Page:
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Taxpayers that are patiently waiting for schedules K-1 should have them by (or shortly after) September 15, 2020, which will leave another month to make an investment into a qualified opportunity zone fund (QOF) to reduce their income tax bill before the individual extended tax filing deadline. Either way, the taxpayer will part with funds on October 15, 2020. A QOF puts those funds towards an opportunity zone (OZ) investment, rather than it going straight to the government.

Example:

A taxpayer with a long-term capital gain of $1 million will have a federal capital gain tax liability of $200,000 (20%). If the gain is from the sale of marketable securities, the tax is $238,000 (inclusive of the 3.8% net investment income surtax). By rolling the $1 million gain into a QOF, the capital gain is deferred, and reported on the 2026 tax return with a 10% discount at $900,000(1). In essence, the deferral functions similar to an interest-free loan to make the investment in the QOF. If you live in a state that conforms to federal tax rules, the amount of your deferral and discount benefit will be greater.

In addition, the most significant opportunity zone benefit, particularly from an investment in real estate, is realized by holding the opportunity zone fund investment for at least 10 years.

An investment in real estate generates significant depreciation deductions, which shields income from that investment from ordinary income taxes. If the depreciation exceeds taxable income from the investment, the excess depreciation deduction can be used to shield income from other passive investments. In other words, an investor may be able to use losses from a QOF investment to offset income from other passive investments. Ordinarily, depreciation deductions are recaptured when the real estate investment is sold, thus making the deduction from depreciation a timing difference. However, depreciation deductions from a QOF investment are not recaptured and become a permanent tax savings. Additionally, appreciation in the market value of the OZ real estate is not taxed – another permanent tax savings(2).

Example:

A taxpayer makes a $1 million investment in a QOF. Over the 10 year holding period, the investor is allocated $900,000 of depreciation deductions, which shield the taxpayer from $356,400 of federal income taxes (39.6%). At disposition, the QOF investment returns $2.2 million, the market appreciation of $1.2 million is not taxed, saving the investor another $240,000 in federal taxes (20% capital gain rate), for a total of $596,400 permanent tax savings. The permanent savings will be greater for taxpayers residing in a state that conforms to federal tax rules.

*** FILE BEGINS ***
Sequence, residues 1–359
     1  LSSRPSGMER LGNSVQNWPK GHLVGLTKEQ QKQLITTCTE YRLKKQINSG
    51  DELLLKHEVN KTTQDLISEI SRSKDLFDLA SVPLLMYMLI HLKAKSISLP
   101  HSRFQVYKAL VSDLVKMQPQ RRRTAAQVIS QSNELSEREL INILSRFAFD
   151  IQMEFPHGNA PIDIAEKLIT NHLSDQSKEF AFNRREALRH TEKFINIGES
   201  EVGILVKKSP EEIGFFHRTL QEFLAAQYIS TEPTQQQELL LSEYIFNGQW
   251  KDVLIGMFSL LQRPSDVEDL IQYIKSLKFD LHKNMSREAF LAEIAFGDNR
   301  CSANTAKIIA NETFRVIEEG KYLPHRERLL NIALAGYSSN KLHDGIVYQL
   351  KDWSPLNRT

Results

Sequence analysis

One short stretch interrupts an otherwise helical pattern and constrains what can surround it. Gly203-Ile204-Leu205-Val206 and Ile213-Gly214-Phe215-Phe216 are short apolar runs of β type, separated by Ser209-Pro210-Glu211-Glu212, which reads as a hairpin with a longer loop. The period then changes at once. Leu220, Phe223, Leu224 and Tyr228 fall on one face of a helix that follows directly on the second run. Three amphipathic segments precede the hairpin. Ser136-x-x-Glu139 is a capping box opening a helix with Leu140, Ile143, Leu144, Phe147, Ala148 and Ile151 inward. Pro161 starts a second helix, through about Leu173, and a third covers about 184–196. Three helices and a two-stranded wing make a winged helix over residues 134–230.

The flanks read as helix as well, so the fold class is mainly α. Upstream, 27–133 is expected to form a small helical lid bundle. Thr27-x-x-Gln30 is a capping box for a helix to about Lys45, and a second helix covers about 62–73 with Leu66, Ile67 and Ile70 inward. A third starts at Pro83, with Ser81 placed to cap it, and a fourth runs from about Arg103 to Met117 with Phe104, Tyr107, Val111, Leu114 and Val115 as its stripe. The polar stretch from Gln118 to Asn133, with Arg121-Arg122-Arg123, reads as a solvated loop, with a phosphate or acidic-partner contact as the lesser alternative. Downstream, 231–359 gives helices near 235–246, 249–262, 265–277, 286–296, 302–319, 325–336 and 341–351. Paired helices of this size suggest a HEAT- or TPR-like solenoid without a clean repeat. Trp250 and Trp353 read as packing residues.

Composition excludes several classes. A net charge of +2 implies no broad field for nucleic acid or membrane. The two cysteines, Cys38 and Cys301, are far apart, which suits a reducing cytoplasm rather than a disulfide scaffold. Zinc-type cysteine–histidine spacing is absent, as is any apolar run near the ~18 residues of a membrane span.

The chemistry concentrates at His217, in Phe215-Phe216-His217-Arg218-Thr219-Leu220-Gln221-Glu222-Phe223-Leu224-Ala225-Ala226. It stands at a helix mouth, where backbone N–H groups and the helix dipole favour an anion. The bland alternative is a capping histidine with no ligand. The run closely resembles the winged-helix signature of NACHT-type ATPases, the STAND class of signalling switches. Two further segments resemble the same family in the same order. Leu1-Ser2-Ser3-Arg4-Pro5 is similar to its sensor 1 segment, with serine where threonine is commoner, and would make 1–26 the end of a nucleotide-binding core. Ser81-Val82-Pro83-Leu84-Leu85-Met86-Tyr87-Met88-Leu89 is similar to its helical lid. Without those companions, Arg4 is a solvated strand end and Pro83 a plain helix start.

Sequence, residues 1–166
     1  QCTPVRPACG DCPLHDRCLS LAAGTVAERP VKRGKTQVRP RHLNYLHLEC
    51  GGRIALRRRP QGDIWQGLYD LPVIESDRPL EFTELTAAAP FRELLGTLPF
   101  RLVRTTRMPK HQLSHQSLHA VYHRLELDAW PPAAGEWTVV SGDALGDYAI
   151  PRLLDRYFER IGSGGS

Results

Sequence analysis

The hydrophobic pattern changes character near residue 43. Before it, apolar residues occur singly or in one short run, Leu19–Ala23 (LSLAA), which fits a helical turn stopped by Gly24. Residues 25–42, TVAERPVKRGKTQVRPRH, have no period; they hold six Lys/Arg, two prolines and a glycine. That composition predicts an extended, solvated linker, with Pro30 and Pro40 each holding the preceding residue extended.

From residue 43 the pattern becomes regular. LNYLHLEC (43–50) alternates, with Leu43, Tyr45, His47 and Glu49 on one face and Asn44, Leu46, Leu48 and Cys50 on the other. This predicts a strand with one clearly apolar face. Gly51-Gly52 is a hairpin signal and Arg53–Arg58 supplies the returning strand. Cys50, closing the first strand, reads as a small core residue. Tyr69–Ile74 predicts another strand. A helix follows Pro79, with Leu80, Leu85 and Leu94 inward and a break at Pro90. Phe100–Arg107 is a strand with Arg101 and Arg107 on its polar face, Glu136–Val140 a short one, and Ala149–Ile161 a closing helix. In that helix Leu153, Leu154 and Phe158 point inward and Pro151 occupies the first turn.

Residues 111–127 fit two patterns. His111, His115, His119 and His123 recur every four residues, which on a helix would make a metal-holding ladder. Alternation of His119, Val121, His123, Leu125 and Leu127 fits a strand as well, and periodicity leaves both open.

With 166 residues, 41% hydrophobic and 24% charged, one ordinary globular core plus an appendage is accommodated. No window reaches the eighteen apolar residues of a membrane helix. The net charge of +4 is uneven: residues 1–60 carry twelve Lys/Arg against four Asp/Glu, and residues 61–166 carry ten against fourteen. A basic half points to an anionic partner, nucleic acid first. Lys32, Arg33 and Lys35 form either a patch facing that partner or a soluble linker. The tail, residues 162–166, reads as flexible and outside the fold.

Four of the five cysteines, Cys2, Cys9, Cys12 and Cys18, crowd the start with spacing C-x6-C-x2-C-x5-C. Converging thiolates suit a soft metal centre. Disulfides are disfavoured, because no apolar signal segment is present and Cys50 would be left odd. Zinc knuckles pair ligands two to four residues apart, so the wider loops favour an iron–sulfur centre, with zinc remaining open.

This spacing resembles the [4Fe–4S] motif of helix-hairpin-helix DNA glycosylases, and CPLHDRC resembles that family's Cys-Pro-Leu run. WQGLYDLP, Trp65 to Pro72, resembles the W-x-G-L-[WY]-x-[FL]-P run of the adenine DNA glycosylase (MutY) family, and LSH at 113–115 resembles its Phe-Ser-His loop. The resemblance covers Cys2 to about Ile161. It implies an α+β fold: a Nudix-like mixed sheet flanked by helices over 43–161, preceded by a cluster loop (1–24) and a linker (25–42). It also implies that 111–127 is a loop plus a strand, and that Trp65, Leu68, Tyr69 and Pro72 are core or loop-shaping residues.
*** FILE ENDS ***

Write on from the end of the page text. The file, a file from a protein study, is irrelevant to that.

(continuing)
Timing is critical – revised OZ investment “windows”

Capital gains have to be invested in a QOF within a prescribed period of time in order to qualify for opportunity zone benefits. Gains reported on a K-1 from a partnership or LLC have a unique set of rules, because investors may not know how much gain is allocable to them as of the transaction date or until they receive their K-1. Also, COVID-19-related tax relief favorably impacted the OZ investment window for 2020. The table below summarizes the timing to make a qualifying investment in a QOF:

Capital gain not reported on a K-1 – 180 days from the date of the transaction

Capital gain reported on a K-1(3)

  1. 180 days from the date of the transaction; or
  2. 180 days after the final day of the reporting entity’s tax year (typically December 31 for flow-through entities); or
  3. 180 days from the original tax return due date of the reporting entity (March 15 for entities with a December 31 year-end)

COVID-19 OZ timing update - if a taxpayer’s 180th day to invest in a QOF would have fallen on or after April 1, 2020, and before December 31, 2020, the taxpayer now has until December 31, 2020 to invest that gain into a QOF.This also means that a taxpayer could amend a return filed by July 15, 2020 (or one filed by October 15, 2020) if they elect to invest into a QOF before December 31, 2020.

Timing example one:

Stock positions sold on February 17, 2020 would normally have a QOF re-investment expiration date of August 15, 2020. However, coronavirus relief extends the expiration date to December 31, 2020.

Timing example two:

A capital gain from a sale on April 28, 2019 that is reported on a K-1 (entity has a fiscal year-end of December 31) to a taxpayer normally offers three windows in which to make a QOF investment:

  1. April 28, 2019 plus 180 days to October 25, 2019; and/or
  2. December 31, 2019 plus 180 days to June 28, 2020; and/or
  3. March 16, 2020 plus 180 days to September 12, 2020.

However, coronavirus relief also extends the expiration date to December 31, 2020.

As we approach October 15

The permanent tax savings from making an investment in a QOF that invests in real estate can be substantial. We are poised to help you evaluate vetted QOF investment options to help you make a well-informed choice before paying substantial capital gain taxes.

For more information on this topic or to learn how Baker Tilly specialists can help, contact our team.

  1. Assumes the QOF investment is held for at least five years.
  2. The non-recapture of depreciation and elimination of taxable gains (a “step-up in basis”) occurs once the QOF investment has been held for at least 10 years.
  3. The taxpayer may elect to use any or more of the three time frames to make a qualifying investment in a QOF.
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